The second Shareholders' Rights Directive EU/2017/828 (SRD II) is due to be transposed into Irish law by 10 June 2019. Amending a 2007 directive of the same title, SRD II promises increased transparency and new policies aimed at promoting shareholder engagement.
SRD II applies where a company has their registered office in a Member State of the European Union and the shares of which are being traded on a regulated market situated within or operating within the territory of the EU.
Defined by MHEIL as 'one who owns shares as a member of a company', shareholders have often been viewed as transient profit-seekers by the common law, who perhaps would prefer a fleeting spike in share prices as opposed to measures which would strengthen the company in the long run.
Therefore, it is fair to say that the area of shareholders' rights has been overlooked somewhat - with the level of protection afforded to shareholders largely being dictated by the class of shares held by the individual or company in question. In seeking to better involve shareholders in the running of companies, SRD II contains the following changes:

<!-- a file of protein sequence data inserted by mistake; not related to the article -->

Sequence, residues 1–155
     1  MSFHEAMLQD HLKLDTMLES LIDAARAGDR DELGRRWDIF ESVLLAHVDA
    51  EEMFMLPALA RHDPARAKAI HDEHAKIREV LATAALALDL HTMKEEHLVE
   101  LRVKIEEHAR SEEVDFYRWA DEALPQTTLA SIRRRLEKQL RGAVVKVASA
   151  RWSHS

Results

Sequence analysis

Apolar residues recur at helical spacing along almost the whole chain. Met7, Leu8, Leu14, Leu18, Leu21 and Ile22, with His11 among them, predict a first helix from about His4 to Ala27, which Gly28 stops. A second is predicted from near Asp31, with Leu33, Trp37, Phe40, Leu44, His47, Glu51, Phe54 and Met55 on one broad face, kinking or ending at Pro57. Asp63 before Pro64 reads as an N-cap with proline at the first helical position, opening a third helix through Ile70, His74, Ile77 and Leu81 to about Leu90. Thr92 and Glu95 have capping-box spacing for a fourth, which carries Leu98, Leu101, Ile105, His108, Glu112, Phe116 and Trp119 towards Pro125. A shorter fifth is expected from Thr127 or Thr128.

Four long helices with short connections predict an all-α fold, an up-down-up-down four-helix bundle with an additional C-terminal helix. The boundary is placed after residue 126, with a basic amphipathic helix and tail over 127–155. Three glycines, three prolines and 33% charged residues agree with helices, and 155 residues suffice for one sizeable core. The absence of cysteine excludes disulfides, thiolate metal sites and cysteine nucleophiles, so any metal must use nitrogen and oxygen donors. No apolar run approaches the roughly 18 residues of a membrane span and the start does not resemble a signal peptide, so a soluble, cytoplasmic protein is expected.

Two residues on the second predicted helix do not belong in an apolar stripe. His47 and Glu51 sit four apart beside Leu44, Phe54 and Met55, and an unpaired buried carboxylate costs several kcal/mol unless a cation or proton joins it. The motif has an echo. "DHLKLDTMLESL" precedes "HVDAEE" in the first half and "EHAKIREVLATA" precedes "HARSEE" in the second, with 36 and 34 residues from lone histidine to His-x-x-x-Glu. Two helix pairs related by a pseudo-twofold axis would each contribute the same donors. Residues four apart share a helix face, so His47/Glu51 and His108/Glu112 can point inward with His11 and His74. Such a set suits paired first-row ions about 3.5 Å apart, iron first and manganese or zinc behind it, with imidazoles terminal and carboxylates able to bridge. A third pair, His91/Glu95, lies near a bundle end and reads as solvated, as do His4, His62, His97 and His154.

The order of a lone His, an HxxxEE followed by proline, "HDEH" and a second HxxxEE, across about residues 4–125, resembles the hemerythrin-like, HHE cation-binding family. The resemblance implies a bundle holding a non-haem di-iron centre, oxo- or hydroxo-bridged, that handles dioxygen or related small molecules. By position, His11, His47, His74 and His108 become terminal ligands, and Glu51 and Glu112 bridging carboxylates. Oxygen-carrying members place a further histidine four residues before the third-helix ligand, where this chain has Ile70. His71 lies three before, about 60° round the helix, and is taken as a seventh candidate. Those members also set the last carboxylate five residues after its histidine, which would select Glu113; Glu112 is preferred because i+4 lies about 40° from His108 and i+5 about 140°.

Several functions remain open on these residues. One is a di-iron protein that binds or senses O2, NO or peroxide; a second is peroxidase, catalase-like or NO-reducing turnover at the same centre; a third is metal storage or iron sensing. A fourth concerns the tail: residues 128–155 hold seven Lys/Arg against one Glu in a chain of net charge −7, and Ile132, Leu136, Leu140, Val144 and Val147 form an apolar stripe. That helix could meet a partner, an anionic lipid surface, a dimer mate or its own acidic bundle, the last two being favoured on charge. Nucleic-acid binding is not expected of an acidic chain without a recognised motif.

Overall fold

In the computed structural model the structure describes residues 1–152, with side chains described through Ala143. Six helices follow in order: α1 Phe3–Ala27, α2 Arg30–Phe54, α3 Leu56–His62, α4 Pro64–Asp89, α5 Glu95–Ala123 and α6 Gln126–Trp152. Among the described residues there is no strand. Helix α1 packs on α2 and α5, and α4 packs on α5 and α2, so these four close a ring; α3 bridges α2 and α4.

- Intermediaries: Companies will have the right to identify and obtain information about their subscribers from intermediaries. MS may tweak this provision to make it subject to the proviso that the shareholder whose information is sought must hold at least 0.5% of the company.
- Remuneration: Shareholders will be entitled to vote on the amount of money paid to directors at least every four years. MS will again have the option to tweak this, as the vote can be made either binding or advisory.
- Institutional Investors: An obligation is placed on asset managers to disclose how their shareholder engagement policy has been implemented.
While this is due to be transposed into law in the next two months, Ireland has not as of yet published draft regulations. It is crucial to note that SRD II does offer a degree of flexibility to MS as regards the specifics of transposition - all of which has been designed to increase the quality of engagement between asset owners, asset managers and investors.
The directive can be accessed in full by clicking the link above. For further reading on the historical development of shareholders' rights, see Samad: Court Applications under the Companies Acts, ch 3.
Note: This article is not intended to be taken as legal advice, particularly as the government have not as of yet drafted an SI to bring this directive into force. Any errors should be notified to the editor and will be dealt with accordingly.